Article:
Elephant Riding in Nepal
Elephant riding in Nepal is one of the extremely famous activities while visiting Chitwan National park. Elephant back safaris, elephant bathing, visiting elephant breeding center and many more is one of the major taglines among hundreds of tour organizers in Nepal responsible for planning a trip to Chitwan National park.
With issues regarding animal cruelty surrounding elephant rides hitting the news, primarily focused on the exploitation of wild animals in Thailand, the world is now focused on the promotion of ethical tourism worldwide and an outright ban on any sort of animal involved recreational activity. Therefore, Nepal is no exception. Although the scenario of Elephant rides in Nepal drastically varies from the Elephant rides in Thailand, we can’t claim it's absolutely ethical and does not exploit the animals.
Elephant rides in Chitwan play a vital role to finance the national park. Moreover, the overall existence of rare- endangered wild animals such as one-horned rhino and Royal Bengal tigers solely depend upon Elephant tourism in Chitwan. But does this reason justify the exploitation of animals for recreational use? Is this reason enough to jump on the back of these animals and go for a ride?
What’s more is, oftentimes, visitors book a trip via trip organizers who include these activities in your trip package without making you familiar with the present scenario. Elephant riding, bathing an elephant at a glance might look like a fun activity, an opportunity to get close to these intelligent mighty beasts, but it only takes a few minutes to change this into one of the most traumatic experiences of your life.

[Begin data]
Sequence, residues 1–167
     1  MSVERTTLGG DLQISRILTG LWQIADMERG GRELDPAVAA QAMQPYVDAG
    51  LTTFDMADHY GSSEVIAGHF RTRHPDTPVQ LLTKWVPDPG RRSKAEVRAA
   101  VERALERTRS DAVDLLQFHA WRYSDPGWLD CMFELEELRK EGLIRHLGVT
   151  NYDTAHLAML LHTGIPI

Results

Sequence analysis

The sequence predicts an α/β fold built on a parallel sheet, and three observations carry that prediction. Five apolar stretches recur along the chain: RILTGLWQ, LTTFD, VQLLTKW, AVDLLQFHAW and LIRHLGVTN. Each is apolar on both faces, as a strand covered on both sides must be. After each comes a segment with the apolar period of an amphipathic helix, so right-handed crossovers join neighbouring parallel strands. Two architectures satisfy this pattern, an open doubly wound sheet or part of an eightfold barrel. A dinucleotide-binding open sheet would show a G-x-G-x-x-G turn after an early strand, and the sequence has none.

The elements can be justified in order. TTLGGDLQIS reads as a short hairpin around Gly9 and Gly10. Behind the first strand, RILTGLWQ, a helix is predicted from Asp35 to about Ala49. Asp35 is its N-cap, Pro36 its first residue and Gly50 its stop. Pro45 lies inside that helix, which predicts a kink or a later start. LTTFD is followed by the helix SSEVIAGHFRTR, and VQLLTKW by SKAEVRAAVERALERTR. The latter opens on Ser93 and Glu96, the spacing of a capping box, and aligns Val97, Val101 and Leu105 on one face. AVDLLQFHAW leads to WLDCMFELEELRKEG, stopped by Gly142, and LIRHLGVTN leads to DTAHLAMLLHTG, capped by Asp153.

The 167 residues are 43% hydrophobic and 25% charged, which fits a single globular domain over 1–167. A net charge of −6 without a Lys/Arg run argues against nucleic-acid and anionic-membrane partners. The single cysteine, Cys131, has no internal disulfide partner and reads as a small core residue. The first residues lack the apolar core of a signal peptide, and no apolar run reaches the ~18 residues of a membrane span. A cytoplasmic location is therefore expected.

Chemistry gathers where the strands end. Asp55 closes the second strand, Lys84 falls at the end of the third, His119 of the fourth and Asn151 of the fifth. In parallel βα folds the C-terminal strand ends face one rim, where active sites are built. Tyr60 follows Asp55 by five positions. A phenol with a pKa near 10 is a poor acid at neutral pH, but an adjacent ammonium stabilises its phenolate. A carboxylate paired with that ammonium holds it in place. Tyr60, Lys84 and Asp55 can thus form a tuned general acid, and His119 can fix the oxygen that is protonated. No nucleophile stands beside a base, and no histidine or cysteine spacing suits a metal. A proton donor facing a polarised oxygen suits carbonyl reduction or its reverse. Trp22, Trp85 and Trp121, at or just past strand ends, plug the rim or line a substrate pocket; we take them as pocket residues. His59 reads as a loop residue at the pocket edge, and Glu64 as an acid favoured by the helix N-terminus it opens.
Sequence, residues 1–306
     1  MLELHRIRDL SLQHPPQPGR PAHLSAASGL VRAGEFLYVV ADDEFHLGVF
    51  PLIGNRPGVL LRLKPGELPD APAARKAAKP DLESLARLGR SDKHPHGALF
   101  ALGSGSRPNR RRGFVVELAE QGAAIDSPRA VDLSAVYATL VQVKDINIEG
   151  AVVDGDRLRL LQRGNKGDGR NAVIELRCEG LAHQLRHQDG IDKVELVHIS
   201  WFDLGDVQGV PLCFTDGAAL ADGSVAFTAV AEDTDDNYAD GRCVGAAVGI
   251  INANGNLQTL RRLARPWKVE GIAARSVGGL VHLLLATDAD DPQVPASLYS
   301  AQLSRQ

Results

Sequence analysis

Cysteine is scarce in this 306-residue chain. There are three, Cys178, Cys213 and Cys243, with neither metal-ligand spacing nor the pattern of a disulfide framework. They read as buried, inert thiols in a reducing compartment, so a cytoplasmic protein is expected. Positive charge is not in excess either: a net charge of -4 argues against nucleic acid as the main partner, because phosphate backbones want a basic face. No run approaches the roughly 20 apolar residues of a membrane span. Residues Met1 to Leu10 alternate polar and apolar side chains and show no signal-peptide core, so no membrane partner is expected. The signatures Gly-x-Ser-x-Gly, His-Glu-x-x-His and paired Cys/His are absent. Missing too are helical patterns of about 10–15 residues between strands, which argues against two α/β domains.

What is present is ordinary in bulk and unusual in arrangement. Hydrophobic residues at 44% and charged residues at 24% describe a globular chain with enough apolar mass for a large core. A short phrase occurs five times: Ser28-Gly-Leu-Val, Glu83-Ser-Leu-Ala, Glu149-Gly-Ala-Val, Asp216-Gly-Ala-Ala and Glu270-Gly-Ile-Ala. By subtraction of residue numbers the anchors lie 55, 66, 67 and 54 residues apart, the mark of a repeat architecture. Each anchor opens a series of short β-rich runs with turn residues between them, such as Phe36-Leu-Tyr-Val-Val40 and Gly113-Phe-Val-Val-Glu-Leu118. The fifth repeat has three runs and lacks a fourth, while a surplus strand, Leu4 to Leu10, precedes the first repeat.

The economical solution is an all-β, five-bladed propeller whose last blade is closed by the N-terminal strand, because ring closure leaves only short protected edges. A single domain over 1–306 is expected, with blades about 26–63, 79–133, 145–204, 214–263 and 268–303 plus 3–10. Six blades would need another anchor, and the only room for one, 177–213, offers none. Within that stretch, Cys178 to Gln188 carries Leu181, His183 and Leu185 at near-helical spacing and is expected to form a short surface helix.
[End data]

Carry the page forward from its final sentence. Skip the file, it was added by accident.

So, here we uncover the unethical side of elephant rides in Nepal, the present scenario, what has been done, and what can be done to promote ethical elephant rides in Nepal.
The Unethical Side of Elephant Rides in Nepal
“There was a time when elephants and their caretakers were treated with respect. When the elephant died the mahouts lost their jobs so they were highly motivated to take good care of the animals. Only two people were allowed to ride and no one ever thought of putting a heavy howdah on an elephant back. Elephants are now increasingly treated as a beast of burden.”
- Hemanta Mishra, author, and conservationist
Over the centuries, Elephants are regarded as holy animals and are treated with respect. Similarly, Elephants also mark high status in society making the owners feel proud. However, with time and commercialization of elephant rides the scenario changed. And now these mighty beasts are often exploited and used to generate money overlooking the safety measures for them. Below are the unethical sides of the elephant ride in Nepal.
1. Unmanaged Workloads
While government elephants conduct a maximum of two safaris per day, the number of ‘trips’ for private elephants is not limited. There is no control regarding the number of safari trips, suitable timings (avoiding heavy rains and midday heat), minimum health standards of the participating elephants and mahouts’ professionalism. The number of safaris varies from two to eight each day. Both the mahouts and elephants work twelve hours a day without holiday provisions. During festivals, the workload further increases. Besides, Elephants are also used for further activities compromising overall conditions.